After dragging her tail feathers for about a week, Zelda finally got ahead of me. Saturday she had two eggs (one more than I guessed). Easter Sunday I watched her sit on the nest with a look of concentration. It wasn’t mid-morning like the book said, but about 8:15. (If you’ve been up since dawn hunting worms, 8:15 is mid-morning). She flew away after about twenty minutes. Later she came back and settled herself for a long stay. I figured she’d laid her last egg and was now incubating.
Sure enough when I checked that afternoon, three beautiful eggs lay in the sunny nest.
Oh, I thought, I hope she stops at three. Five in the family would be perfect.
I always thought families of five was the perfect number, a notion that probably came from an old health textbook of my sister’s called Five in the Family. Back in the Dark Ages, we bought our textbooks instead of renting them. My sister left her books behind and I read them and drew witches in her old spelling book.
The family in Five in the Family consists of Mother, Father, Sue, Jack, Tommy, and Jack’s puppy Spot. The front cover shows Father taking a photo of the others (using a Brownie box camera). Each section features a different member of the family. At the beginning are “photographs,” giving the book an album look.
I suppose that was part of my fascination with this book. It certainly wasn’t the writing:
It was Jack’s birthday, and the family was looking at pictures of him. “Oh!” laughed Jack. “Here I was on my very first birthday.”
“This is how you looked at three,” Father said. “And here you are at five.”
“I like last year’s picture,” said Sue. “Tommy and I were in it, too.”
“And now you have another birthday, Jack,” said Mother. “Dear me! How fast the time goes!”
The stories are all syrupy because it is, after all, a reader on health. For Jack’s birthday party, “There were hot soup and sandwiches, milk, and apples.” If I’d been invited to that party, I would have stomped out.
Despite the book being soaked with insipid dialog like, “Oh, Daddy, why didn’t you tell me before you took my picture? Then I could have been standing straight,” I read this book over and over, memorizing the illustrations. I wanted to be in that family.
Last year a new family moved across the street from us. Mother, Father, a boy, two girls, and a dog. Five, the perfect number. I watched them out the window on school mornings. The mother walked the boy and the oldest girl to the bus stop, carrying the youngest girl. She kissed them goodbye and waved until the bus rounded the corner. In the afternoons, the boy and girl hopped off the bus and raced home, eager to return to their safe, cozy nest.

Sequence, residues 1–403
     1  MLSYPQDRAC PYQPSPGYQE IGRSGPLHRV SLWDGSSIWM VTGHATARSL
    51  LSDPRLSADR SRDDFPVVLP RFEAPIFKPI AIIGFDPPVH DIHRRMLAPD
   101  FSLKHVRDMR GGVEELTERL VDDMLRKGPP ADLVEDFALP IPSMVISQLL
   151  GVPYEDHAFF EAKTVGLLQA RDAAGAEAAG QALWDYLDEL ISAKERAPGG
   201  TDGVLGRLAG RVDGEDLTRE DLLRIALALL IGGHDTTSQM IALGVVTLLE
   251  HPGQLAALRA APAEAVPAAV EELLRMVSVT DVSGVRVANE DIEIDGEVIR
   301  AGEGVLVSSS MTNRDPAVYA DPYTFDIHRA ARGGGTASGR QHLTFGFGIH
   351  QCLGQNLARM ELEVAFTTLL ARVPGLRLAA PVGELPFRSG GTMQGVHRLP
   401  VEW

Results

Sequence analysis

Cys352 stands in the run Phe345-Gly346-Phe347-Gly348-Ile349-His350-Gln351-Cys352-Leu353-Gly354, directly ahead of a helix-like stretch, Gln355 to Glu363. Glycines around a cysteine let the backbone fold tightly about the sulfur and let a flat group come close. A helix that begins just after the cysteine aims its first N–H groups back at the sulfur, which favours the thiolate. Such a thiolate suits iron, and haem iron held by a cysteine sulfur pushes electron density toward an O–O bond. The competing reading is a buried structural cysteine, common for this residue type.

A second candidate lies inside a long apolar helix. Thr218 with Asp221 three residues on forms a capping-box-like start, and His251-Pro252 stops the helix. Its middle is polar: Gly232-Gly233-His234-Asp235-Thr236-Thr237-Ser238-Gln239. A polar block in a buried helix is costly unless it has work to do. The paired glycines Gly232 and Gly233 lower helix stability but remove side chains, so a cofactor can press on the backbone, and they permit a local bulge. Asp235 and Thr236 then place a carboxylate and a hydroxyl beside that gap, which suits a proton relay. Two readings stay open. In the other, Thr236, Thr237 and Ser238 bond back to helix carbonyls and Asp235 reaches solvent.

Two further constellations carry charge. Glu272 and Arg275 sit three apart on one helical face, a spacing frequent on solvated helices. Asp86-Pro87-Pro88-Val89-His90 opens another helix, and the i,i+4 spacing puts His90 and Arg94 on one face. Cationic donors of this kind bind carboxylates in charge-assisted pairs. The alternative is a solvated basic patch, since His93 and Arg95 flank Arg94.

I remembered how I stood at the bottom of our driveway alone, waiting for the bus to come down a busy highway. At the end of the school day, I walked slowly up our long steep driveway.
Last weekend I glanced out the window (we have lots of windows in this house—I don’t really spy on the neighbors!). The father spread a blue blanket under their blossoming Bradford pear. The kids came out carefully carrying a glass and plate. The whole family ate their lunch in the front yard, the dog bounding from one to the other. Later the father helped the youngest roller skate and then played catch with the middle girl.
I thought how well-loved these children are, how good and kind their parents are. Such a contrast to my own childhood. It wasn’t that I wasn’t loved. I wasn’t well-loved. I know the difference. And I knew it then.
Five in the family. Scott and Zelda would have three children. Two boys and a girl. I would name them Bill, Howard, and Irene, after my brother-in-law, stepfather, and mother. I like the idea of them coming back as robins. And I decided to throw a little birthday party when they get here—with cake and ice cream, no apples or soup or milk.
Then next day when I checked the nest, Zelda had left me a surprise. A fourth egg. Six in the family is okay, too. I’ll name the new robin Esther, after my husband’s mother.
They’ll be here in less than two weeks. Two weeks in the nest. And then they’ll be gone. How fast the time will go.